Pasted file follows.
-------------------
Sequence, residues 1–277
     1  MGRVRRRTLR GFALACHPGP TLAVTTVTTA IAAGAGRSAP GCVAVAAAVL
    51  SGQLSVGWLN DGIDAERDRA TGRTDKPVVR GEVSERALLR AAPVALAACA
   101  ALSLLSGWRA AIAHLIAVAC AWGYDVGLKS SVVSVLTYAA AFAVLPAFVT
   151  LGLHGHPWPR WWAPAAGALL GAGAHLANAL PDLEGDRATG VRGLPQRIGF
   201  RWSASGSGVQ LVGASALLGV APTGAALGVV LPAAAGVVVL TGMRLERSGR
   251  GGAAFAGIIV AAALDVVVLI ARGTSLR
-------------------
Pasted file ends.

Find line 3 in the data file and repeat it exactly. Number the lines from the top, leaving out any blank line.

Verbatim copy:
    51  SGQLSVGWLN DGIDAERDRA TGRTDKPVVR GEVSERALLR AAPVALAACA